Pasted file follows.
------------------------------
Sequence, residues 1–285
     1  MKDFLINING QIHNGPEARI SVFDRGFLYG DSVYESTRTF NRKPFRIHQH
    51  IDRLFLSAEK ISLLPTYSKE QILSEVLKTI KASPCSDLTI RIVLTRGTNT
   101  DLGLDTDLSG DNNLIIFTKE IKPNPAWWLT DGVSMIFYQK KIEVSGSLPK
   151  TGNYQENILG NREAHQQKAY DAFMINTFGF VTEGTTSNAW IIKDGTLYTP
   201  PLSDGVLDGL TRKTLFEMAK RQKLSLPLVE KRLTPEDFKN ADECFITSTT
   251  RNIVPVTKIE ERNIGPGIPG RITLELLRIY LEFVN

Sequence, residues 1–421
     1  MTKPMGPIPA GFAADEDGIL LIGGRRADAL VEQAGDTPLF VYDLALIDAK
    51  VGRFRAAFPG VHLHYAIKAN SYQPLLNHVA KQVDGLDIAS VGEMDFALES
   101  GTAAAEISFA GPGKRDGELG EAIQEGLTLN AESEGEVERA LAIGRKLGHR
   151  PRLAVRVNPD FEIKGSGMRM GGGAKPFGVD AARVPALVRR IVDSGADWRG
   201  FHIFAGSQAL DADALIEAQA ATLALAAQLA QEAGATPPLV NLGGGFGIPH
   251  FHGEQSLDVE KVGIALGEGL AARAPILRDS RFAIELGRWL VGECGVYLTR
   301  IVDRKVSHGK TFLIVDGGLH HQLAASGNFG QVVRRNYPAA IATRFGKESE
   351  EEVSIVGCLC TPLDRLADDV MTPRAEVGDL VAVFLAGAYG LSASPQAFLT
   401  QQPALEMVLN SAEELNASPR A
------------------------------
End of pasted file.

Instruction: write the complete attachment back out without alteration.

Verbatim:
Sequence, residues 1–285
     1  MKDFLINING QIHNGPEARI SVFDRGFLYG DSVYESTRTF NRKPFRIHQH
    51  IDRLFLSAEK ISLLPTYSKE QILSEVLKTI KASPCSDLTI RIVLTRGTNT
   101  DLGLDTDLSG DNNLIIFTKE IKPNPAWWLT DGVSMIFYQK KIEVSGSLPK
   151  TGNYQENILG NREAHQQKAY DAFMINTFGF VTEGTTSNAW IIKDGTLYTP
   201  PLSDGVLDGL TRKTLFEMAK RQKLSLPLVE KRLTPEDFKN ADECFITSTT
   251  RNIVPVTKIE ERNIGPGIPG RITLELLRIY LEFVN

Sequence, residues 1–421
     1  MTKPMGPIPA GFAADEDGIL LIGGRRADAL VEQAGDTPLF VYDLALIDAK
    51  VGRFRAAFPG VHLHYAIKAN SYQPLLNHVA KQVDGLDIAS VGEMDFALES
   101  GTAAAEISFA GPGKRDGELG EAIQEGLTLN AESEGEVERA LAIGRKLGHR
   151  PRLAVRVNPD FEIKGSGMRM GGGAKPFGVD AARVPALVRR IVDSGADWRG
   201  FHIFAGSQAL DADALIEAQA ATLALAAQLA QEAGATPPLV NLGGGFGIPH
   251  FHGEQSLDVE KVGIALGEGL AARAPILRDS RFAIELGRWL VGECGVYLTR
   301  IVDRKVSHGK TFLIVDGGLH HQLAASGNFG QVVRRNYPAA IATRFGKESE
   351  EEVSIVGCLC TPLDRLADDV MTPRAEVGDL VAVFLAGAYG LSASPQAFLT
   401  QQPALEMVLN SAEELNASPR A